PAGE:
Aggression: People have become aggressive in all walks of life. Both verbal and body language reflect this. Foul language and bad on-field behaviour made their entry into test cricket in the early '70s through Ian Chappell's Aussies. With tensions less in five-day cricket, 'nervous energies' were expended unconstructively in unruly behaviour. One-day cricket channelises such energies to more constructive things - 'performance on the field'.
Instant gratification/immediate rewards: Today, everybody wants results - instantly. Look at the corporate world - at 30, people want to be CEOs, and are becoming too. The rewards in heaven - later in life - is a bygone concept. Everyone is in a hurry to achieve. Gone are the days when spectators and viewers could spend five days watching a test which ends in a draw. One-day cricket provides results - five-day test cannot guarantee this.
Shortening attention spans: This is happening all around us. Books are going out of fashion - videos are in. Few TV programmes are more than 30 minutes long. Even longevity of marriages and courtships are reducing. A five-day test is a long and tedious affair.
Changing role of sports: Sports are no longer just leisure activities that people indulge in or watch in spare time. With the growth of television and conversion of sporting events into media events, they are no longer just 'pass time' activities. They are now means of entertainment for spectators/viewers.
They compete with all other forms of entertainment - music, movies, TV soaps, books etc. It has to have all the ingredients to tickle a heart, relax a mind and create excitement. The Olympics are just not a sporting competition but one big entertainment spectacle.
Look at the opening and closing ceremonies! Naturally, this meant rescheduling cricket timings to day/night, introducing mikes at the wicket to get more people closer to the action.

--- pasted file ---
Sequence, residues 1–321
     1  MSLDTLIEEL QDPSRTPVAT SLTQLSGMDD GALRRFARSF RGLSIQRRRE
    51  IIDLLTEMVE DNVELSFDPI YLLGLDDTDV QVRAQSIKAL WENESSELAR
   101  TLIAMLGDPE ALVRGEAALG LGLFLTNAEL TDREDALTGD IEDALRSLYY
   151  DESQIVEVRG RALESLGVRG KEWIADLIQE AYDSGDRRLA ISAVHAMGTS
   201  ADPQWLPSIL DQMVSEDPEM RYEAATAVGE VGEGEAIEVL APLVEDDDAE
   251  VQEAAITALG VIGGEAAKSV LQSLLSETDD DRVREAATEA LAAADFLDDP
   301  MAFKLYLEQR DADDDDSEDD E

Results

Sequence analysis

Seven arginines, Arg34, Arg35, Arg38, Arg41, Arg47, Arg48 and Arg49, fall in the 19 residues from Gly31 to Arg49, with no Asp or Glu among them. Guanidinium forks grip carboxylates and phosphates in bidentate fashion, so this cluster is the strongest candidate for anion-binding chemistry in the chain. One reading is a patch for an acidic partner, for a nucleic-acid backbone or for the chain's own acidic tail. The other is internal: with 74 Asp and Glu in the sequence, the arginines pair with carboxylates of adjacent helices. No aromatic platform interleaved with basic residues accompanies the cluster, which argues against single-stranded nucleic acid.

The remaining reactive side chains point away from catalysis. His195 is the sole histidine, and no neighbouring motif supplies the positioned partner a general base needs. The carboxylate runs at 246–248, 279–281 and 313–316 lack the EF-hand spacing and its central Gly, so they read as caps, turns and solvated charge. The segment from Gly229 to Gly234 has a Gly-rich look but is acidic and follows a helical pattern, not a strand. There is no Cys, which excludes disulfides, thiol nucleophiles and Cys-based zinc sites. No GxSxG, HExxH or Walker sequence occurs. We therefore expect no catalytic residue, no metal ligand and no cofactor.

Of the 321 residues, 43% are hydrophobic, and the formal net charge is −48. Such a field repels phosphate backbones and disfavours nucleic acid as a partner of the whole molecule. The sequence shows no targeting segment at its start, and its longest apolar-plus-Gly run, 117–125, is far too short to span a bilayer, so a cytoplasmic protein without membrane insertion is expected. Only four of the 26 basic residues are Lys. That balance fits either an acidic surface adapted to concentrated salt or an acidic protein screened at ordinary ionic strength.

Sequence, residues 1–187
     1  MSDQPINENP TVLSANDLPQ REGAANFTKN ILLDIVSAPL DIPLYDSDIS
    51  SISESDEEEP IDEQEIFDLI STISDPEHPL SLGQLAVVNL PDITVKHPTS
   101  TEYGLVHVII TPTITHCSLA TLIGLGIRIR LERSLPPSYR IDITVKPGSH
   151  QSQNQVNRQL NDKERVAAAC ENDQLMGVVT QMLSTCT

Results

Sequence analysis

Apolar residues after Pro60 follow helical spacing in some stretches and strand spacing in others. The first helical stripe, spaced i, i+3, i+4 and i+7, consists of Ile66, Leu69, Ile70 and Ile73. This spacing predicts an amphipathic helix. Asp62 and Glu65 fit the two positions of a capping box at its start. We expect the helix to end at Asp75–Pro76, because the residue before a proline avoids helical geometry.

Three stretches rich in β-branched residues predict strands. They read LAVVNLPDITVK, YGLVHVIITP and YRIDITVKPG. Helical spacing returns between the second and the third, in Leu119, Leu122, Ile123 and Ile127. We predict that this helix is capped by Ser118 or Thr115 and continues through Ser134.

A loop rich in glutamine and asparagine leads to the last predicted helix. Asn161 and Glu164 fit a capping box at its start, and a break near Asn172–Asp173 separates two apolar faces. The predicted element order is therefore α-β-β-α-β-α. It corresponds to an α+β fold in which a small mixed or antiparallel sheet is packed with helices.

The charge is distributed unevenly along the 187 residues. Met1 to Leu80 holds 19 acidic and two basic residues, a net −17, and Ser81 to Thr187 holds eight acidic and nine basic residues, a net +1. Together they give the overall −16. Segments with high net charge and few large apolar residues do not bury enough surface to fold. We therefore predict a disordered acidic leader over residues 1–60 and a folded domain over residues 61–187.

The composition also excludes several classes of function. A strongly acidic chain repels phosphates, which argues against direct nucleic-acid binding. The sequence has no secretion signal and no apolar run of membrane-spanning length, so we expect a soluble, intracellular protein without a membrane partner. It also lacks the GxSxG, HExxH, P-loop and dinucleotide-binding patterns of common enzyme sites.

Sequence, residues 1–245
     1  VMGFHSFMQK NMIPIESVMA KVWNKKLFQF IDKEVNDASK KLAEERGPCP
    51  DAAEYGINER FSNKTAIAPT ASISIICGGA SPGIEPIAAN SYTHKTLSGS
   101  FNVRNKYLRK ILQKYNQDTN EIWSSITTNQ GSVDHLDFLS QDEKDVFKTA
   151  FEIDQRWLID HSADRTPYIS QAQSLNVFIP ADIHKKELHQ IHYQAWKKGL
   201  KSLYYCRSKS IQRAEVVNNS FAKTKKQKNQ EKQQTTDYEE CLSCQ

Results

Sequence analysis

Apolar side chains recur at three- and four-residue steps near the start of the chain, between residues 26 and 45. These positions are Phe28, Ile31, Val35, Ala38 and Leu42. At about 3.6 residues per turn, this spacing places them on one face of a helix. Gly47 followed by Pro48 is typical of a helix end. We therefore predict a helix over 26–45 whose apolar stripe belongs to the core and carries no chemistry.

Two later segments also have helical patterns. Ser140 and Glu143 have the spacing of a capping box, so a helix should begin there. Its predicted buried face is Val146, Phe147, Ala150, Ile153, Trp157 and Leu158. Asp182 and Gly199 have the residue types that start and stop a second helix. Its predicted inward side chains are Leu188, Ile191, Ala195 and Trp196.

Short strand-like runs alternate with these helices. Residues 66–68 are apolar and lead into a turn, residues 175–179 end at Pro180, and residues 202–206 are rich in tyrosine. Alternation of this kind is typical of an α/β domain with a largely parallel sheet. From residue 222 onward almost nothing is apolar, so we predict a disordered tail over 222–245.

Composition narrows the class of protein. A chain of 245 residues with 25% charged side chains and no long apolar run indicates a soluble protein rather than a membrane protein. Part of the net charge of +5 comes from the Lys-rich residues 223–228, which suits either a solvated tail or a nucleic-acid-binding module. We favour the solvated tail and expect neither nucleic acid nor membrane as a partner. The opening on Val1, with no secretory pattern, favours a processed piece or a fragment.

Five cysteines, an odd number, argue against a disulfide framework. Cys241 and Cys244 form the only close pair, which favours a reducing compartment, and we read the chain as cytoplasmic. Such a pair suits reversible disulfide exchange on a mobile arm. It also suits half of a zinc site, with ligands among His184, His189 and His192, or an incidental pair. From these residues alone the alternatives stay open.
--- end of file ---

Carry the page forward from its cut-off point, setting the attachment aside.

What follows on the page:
Kerry Packer, consciously or unconsciously, was the catalyst of the change. He brought in a new form of entertaining cricket. And transformed the game from being a spectator event to a media event. And thus increased its reach. Ironically he was pilloried by the ICC for corrupting the game. The same ICC which is raking in the money today!
At the core, both forms of cricket are about enjoyment. They are about eleven men playing another eleven - belonging to different countries. A battle between bat and ball. They are about one team trying to gain mastery over the other on the field.
But that's where the similarity ends. Five-day cricket is about the orthodox, copybook play of a Rahul Dravid. The perfect square cut or cover drive. The melody of music, the romantic poetry of Wordsworth and Shelley. One-day cricket is about the innovation of a Micheal Bevan or a Virender Sehwag. The reverse sweep or slash over slips. The rhythm of music, the poetry of Tennyson.
The brand is the same. However the manifestations are different. Two forms catering to two different generations, two different mindsets and lifestyles. While five-day cricket is for the connoisseurs, the classes; one day cricket is for the masses. One-day cricket is cricket's brand extension to keep it relevant to a newer and larger audiences.
And here are the lessons for brand marketers:
Recognise environmental trends and try to ride them early before they consume you. Cricket recognised the power of television as a media and the changing role of sports and transformed itself from a stadium event to a media event. And increased its reach.
Innovate or perish: Would cricket have existed in its robust form today if not for one -day cricket? Could cricket have gone into newer countries if not for Packer's innovation? One doubts it!
That's something worth thinking about.